When it comes to cybersecurity oversight and management, many functions outside of IT and information security (IS) need to play a role – this includes internal audit and risk and compliance functions. These parties need to adopt an approach to managing cyber risk that involves all three lines of defence. While it may be a cliché to say they must treat cybersecurity as a business risk and not just a technology risk, these functions do not often see cybersecurity as something within their remit. But they have to begin to adapt as regulatory change is starting to move at a faster pace in an effort to keep up with the constantly evolving cyber threat landscape.
For their part, the IT and IS departments have to understand the need for this comprehensive involvement and be willing to partner with compliance and other departments on these new requirements. All parties need to be able to articulate to senior management, the board, regulators and other key stakeholders the organization’s overall approach to cybersecurity, as well as the nature of the threats facing it. They will also have to work closely with the business to ensure employees in the first line of defence are doing everything they ought to be to prevent or quickly detect and effectively respond to an attack when it occurs. Cyber risk is now something that everyone manages.
Global regulators – including the UK’s Financial Conduct Authority – are also going to be looking for an “all lines of defence” approach when they assess an organization’s cybersecurity program. Questions regulators are likely to ask of firms include:
- How is the organization assessing the effectiveness of its cybersecurity program – including identification, protection, detection and recovery processes, as well as governance and leadership?
- How is the organization prioritizing its cybersecurity program based on its genuine business (and not just technology-centric) risks? How does it know what and where its “crown jewels” are?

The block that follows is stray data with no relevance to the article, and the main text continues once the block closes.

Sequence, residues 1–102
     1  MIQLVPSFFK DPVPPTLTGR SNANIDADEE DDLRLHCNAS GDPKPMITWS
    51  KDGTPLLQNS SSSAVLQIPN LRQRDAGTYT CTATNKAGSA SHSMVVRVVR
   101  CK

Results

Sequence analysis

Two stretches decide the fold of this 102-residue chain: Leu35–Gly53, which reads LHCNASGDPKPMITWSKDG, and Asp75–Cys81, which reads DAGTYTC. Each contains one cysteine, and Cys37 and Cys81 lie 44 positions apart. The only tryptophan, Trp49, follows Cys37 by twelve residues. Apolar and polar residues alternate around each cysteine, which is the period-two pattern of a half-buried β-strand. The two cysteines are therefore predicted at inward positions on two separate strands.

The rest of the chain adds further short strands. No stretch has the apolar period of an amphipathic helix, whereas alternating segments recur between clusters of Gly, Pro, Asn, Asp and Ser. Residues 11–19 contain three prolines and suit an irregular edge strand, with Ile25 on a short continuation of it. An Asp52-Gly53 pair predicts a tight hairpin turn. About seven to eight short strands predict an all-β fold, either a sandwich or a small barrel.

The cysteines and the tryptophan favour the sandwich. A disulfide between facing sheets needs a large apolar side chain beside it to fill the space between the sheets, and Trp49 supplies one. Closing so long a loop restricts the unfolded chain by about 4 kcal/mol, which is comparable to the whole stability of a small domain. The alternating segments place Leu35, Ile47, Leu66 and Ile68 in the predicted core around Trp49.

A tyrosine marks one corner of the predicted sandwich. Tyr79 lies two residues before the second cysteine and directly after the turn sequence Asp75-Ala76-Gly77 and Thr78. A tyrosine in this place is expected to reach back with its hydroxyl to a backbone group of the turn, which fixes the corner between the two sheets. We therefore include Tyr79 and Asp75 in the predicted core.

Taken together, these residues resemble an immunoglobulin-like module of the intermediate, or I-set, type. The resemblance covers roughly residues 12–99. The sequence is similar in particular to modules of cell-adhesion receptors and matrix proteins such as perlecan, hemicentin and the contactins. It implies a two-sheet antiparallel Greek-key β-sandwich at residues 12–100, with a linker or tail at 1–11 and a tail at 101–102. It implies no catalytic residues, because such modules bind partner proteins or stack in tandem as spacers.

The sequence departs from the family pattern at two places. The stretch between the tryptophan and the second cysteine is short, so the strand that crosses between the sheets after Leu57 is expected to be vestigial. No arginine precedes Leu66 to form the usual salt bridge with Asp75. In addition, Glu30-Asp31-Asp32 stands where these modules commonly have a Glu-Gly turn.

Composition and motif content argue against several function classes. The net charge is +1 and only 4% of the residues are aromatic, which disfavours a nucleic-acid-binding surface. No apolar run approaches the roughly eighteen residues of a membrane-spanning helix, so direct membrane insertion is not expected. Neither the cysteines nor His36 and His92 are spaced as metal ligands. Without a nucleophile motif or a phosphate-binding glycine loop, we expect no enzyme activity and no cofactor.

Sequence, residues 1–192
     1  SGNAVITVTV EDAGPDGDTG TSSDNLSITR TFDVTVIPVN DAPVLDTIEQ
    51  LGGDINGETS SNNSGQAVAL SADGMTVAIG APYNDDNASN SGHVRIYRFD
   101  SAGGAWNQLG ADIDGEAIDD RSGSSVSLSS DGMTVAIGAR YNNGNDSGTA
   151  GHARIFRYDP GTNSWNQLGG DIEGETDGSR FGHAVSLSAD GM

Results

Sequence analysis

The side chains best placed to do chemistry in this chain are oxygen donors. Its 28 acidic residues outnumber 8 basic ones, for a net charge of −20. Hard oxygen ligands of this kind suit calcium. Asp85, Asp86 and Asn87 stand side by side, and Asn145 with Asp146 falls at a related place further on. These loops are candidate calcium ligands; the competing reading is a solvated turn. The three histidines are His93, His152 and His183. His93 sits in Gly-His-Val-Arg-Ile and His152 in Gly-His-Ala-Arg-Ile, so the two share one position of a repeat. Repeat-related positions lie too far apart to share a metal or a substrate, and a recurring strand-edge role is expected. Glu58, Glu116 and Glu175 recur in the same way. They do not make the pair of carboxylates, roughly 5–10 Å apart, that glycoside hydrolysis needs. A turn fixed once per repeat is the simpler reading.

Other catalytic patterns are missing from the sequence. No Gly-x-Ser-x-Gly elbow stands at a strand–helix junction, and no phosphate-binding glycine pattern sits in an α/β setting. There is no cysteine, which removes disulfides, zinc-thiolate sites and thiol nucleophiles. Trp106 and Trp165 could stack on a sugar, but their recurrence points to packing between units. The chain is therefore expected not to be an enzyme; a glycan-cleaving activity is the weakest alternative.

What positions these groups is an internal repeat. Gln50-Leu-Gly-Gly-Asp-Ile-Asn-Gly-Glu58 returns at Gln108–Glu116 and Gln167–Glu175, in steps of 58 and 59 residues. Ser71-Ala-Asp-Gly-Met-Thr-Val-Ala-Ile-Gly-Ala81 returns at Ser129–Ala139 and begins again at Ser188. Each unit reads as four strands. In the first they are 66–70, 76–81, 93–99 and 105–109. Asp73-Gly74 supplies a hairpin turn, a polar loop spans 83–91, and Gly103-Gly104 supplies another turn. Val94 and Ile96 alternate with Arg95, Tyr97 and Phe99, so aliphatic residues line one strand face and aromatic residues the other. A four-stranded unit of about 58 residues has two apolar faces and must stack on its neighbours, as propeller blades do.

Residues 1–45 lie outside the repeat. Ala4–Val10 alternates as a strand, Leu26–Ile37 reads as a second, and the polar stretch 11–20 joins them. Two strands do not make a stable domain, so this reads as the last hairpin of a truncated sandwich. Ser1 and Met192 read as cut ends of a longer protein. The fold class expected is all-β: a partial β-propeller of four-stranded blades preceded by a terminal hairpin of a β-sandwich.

- Are firms making a proportionate use of frameworks such as the CBEST Vulnerability Testing Framework, the NIST Cybersecurity Framework, the FFIEC framework, and the Guidance on Cyber Resilience for Financial Market Infrastructures produced by CPMI-IOSCO?
- Are key critical controls in place, such as: information risk management, user access management, malware protection, network security, education and awareness, monitoring, incident management, system hardening, threat intelligence, and more?
- How effective is vulnerability management? What is the elapsed time for patching identified system vulnerabilities, particularly for public-facing systems with sensitive information?
The UK FCA has made cybersecurity one of its priorities in its 2017/2018 Annual Business Plan, and in the U.S., the banking regulators are also developing their own enhanced framework. Other jurisdictions are following suit. Compliance executives must make sure they have an understanding of the regulatory frameworks in the jurisdictions in which they operate and keep on top of the regulatory changes. Both U.S. and UK frameworks are expected to evolve significantly over the next 24 months.
Meeting the challenge of delivering on these regulatory expectations requires compliance teams to claim their seat at the table when it comes to cybersecurity – an area where many of them seem reluctant to engage.
Compliance teams must have the confidence to ask questions and to challenge their peers – to make sure that what other stakeholders, such as the business and IT, say stacks up with reality. They also have to be able to understand the regulator’s approach to cybersecurity, and how their organization’s framework measures up against it.
There are other ways in which cybersecurity compliance must evolve, too – for example, regulators are already expecting increased nimbleness because of how quickly cyber risk is evolving. As a result, some supervisors are now expecting firms to perform assessments much more frequently than the annual risk assessments that compliance teams may be used to for other areas.
Dealing with cybersecurity effectively is one of the biggest challenges for compliance teams today, and the required changes will be significant – it is very possible that in the not-too-distant future, some compliance executives may specialize in the topic. But for now, an oversight and understanding of cybersecurity is the first thing that compliance teams need to come to grips with, and they must reach out to collaborate with their colleagues across the organization to successfully ride the coming evolutionary wave.